Students Organize 4 Syria (SOS) held an informational lecture on Nov. 6 in the Student Center with Dr. Frederic Pearson, a Wayne State political science professor and director of the Center for Peace and Conflict Studies.
The theme of the evening was “History Repeating Itself” and was implemented in Pearson’s lecture which covered many revolutions that have occurred in the past in the Middle East.
Pearson began the lecture by stating the local, regional and global conflicts in Syria that have delayed responses and increased tension and warfare in the Middle East as a whole.
“The Middle East is in the midst of a cold war,” Pearson said.
On a local scale, Pearson said the issue is the civil war in Syria where hundreds of thousands have been killed and millions have been displaced internationally as refugees.
The “cold war”—as Pearson dubbed it—is the regional tensions between Iran, who backs the Syrian government, and Saudi Arabia, who opposes the Syrian government.
On a global scale, Russia sided with the Syrian government and Iran, while the United States has sided against Iran and the Syrian government, Pearson said.
“We have had efforts to stop the violence and to stop the bloodshed, but they were aborted by various global elements,” Pearson said.
Little intervention by the United States and other Middle Eastern countries have been made in Syria because of the veto power available with the United Nations Security Council members, Russia and China, and their constant defense of the Syrian regime, Pearson explained.
“The US, among all countries, has been the least receptive to take in refugees,” Pearson said. “[Former President] Obama was pushing to get about 10,000 while Germany alone has taken in at least 100,000.”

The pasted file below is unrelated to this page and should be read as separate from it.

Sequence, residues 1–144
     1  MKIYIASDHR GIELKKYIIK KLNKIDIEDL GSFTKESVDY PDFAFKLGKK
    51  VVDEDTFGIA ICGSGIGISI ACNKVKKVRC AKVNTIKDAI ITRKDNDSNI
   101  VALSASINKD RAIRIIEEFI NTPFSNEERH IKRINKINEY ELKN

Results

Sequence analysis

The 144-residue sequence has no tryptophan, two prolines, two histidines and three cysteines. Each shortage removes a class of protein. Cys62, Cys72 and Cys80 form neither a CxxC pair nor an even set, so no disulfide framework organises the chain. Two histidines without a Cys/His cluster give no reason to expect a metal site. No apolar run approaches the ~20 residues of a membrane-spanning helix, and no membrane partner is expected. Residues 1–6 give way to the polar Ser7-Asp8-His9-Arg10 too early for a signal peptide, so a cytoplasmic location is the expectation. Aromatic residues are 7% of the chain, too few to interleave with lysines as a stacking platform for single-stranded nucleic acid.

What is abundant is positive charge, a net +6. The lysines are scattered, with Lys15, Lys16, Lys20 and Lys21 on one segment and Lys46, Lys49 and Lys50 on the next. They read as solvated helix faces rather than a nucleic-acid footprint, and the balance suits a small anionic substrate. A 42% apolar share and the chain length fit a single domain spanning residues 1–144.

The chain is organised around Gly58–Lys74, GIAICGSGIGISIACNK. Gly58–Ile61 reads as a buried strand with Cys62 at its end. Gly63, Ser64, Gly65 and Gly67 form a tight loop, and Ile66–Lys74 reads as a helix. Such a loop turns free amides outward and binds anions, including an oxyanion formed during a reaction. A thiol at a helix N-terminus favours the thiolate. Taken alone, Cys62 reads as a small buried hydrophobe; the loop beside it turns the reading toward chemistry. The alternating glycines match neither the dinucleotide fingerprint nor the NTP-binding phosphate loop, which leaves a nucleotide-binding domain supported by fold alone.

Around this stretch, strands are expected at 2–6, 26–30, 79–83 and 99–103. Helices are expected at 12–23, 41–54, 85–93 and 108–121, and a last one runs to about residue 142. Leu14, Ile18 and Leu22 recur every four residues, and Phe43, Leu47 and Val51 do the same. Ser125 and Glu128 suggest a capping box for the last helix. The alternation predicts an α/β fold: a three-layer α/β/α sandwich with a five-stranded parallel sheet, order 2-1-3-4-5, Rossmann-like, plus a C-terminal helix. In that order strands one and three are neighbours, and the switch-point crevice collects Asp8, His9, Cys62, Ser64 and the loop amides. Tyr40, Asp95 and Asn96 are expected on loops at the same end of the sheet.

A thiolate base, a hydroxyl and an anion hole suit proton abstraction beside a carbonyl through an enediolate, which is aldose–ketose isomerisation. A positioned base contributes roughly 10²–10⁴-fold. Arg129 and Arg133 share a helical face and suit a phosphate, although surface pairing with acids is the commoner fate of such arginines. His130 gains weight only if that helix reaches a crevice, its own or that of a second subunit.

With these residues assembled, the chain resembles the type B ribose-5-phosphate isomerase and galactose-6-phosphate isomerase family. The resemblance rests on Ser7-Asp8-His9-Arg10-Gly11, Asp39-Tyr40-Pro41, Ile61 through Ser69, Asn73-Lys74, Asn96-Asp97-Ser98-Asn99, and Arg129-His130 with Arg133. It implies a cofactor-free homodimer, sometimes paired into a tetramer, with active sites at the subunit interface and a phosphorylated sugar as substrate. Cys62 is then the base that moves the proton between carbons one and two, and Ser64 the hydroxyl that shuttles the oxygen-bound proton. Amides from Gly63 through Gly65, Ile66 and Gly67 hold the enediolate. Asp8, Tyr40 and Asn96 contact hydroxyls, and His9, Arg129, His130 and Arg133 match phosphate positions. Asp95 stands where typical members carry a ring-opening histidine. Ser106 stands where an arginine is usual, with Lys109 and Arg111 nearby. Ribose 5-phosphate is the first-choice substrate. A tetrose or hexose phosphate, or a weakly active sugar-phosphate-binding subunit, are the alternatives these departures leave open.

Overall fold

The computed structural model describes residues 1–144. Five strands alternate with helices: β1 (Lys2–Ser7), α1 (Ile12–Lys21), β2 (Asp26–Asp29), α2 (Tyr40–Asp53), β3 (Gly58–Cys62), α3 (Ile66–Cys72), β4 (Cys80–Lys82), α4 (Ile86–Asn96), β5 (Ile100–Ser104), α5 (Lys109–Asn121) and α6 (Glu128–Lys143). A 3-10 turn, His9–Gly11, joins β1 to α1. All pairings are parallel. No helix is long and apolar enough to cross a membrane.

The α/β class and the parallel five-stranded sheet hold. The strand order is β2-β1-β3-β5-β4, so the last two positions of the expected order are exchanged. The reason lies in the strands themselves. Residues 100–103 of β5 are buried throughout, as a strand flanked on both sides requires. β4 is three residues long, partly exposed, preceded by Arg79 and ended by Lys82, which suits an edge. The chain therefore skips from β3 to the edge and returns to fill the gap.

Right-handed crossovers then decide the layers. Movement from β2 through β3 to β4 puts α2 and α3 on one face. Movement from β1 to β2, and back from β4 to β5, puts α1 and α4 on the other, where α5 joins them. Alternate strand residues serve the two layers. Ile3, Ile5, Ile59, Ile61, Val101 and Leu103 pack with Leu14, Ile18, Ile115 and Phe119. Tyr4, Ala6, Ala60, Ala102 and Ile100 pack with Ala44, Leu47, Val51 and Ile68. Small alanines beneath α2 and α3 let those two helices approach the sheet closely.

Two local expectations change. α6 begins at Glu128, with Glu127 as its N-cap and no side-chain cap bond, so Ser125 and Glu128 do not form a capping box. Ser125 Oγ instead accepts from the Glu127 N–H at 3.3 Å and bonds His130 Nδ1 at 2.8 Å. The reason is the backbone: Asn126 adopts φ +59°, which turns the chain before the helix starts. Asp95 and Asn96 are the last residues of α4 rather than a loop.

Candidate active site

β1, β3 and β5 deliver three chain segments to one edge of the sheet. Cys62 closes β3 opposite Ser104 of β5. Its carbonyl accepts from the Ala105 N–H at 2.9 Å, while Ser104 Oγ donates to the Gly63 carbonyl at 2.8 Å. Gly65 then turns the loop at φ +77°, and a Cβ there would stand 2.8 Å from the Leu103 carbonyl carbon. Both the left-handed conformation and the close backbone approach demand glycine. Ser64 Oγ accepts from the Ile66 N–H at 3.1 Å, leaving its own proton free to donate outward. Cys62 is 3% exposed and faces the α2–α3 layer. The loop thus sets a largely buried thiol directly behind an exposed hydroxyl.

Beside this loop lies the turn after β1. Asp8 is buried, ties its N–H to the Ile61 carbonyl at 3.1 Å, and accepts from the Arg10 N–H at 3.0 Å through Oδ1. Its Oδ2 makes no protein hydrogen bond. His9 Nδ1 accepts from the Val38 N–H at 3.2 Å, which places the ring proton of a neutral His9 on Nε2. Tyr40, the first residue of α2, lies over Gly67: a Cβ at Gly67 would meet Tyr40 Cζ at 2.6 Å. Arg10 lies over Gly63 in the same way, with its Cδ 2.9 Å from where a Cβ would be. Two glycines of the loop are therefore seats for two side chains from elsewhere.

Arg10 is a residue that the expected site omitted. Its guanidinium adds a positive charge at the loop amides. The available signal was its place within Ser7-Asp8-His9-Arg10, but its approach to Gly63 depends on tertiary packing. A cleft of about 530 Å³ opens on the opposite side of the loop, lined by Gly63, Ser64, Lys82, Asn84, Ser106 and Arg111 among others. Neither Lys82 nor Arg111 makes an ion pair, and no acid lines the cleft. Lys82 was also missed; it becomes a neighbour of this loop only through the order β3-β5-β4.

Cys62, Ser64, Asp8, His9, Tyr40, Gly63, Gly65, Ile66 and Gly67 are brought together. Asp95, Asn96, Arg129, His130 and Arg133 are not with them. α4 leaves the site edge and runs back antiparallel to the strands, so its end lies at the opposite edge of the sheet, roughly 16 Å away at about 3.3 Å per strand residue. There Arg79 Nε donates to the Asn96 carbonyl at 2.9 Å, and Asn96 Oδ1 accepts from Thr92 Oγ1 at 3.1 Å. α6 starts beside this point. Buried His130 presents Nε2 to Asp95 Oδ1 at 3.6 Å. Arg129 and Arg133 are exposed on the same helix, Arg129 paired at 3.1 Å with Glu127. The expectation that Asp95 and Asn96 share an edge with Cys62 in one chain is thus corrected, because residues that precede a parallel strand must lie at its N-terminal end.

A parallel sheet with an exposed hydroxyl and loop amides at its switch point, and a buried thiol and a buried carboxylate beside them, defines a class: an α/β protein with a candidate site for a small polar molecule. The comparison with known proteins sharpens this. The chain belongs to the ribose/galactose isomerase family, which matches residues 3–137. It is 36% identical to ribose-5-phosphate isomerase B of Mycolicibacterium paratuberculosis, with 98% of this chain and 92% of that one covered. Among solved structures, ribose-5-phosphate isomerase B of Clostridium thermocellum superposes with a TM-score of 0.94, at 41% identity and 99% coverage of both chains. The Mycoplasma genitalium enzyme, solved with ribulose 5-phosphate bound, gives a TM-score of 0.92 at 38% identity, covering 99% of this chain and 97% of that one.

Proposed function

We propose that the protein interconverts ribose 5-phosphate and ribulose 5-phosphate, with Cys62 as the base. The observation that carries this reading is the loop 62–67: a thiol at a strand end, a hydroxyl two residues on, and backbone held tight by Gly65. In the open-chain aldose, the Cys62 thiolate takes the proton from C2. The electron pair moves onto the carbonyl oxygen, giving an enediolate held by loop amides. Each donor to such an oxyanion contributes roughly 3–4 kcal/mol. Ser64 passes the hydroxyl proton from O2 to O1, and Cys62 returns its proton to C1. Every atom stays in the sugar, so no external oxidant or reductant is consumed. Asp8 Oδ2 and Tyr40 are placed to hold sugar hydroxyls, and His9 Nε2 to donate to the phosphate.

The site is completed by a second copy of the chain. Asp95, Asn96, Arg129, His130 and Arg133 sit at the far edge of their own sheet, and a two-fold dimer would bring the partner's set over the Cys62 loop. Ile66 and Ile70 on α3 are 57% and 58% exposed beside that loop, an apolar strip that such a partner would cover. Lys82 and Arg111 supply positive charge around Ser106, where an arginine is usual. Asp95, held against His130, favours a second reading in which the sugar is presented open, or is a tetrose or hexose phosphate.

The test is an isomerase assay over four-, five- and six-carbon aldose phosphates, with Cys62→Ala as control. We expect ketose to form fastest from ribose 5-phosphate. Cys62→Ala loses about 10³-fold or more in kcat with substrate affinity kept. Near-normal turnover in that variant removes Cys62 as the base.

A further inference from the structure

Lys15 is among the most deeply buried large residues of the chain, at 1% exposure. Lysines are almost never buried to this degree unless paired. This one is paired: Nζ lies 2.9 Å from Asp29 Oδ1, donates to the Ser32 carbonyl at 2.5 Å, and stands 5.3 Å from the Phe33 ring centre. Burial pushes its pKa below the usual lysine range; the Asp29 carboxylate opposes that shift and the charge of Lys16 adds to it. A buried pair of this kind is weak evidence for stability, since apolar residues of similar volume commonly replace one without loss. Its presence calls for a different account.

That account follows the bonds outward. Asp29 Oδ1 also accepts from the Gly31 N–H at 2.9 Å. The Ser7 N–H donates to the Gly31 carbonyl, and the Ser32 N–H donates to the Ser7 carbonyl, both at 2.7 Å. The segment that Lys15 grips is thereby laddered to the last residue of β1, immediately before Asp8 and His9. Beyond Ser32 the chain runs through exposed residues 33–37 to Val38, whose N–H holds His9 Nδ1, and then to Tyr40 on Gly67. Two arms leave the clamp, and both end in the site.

The Arab Spring caused major destabilization in Syria when the people felt the need to protest their government, Pearson said. Yemen and the Gulf states—which includes Qatar, Bahrain and Saudi Arabia—are some other countries where distress and chaos have been prevalent and were also discussed regarding their crumbling state after the Arab Spring.
The difference with these countries is that they were “less successful” because of the Saudi control in the area and their complete shutdown of revolutions, Pearson said.
Whether or not Bashar Al-Assad, the current president of Syria, should be allowed to run for re-election in the future and after the end of this civil war, is debated between global powers and organizations.
Until then, Syria’s future and the reconstruction of the state is in question and the return of its people is unclear, Pearson said.
“It’s a human tragedy,” Pearson said.
SOS aims to inform students about the crisis in Syria as well as provide volunteering opportunities to aid local refugees.
“We partnered with the Detroit mayor’s office and are trying to pair [WSU] students to visit and volunteer with refugee families in the metro-Detroit area,” event coordinator of SOS, Hira Majeed, said.
For more information on SOS initiatives and their upcoming events, check out their Facebook page.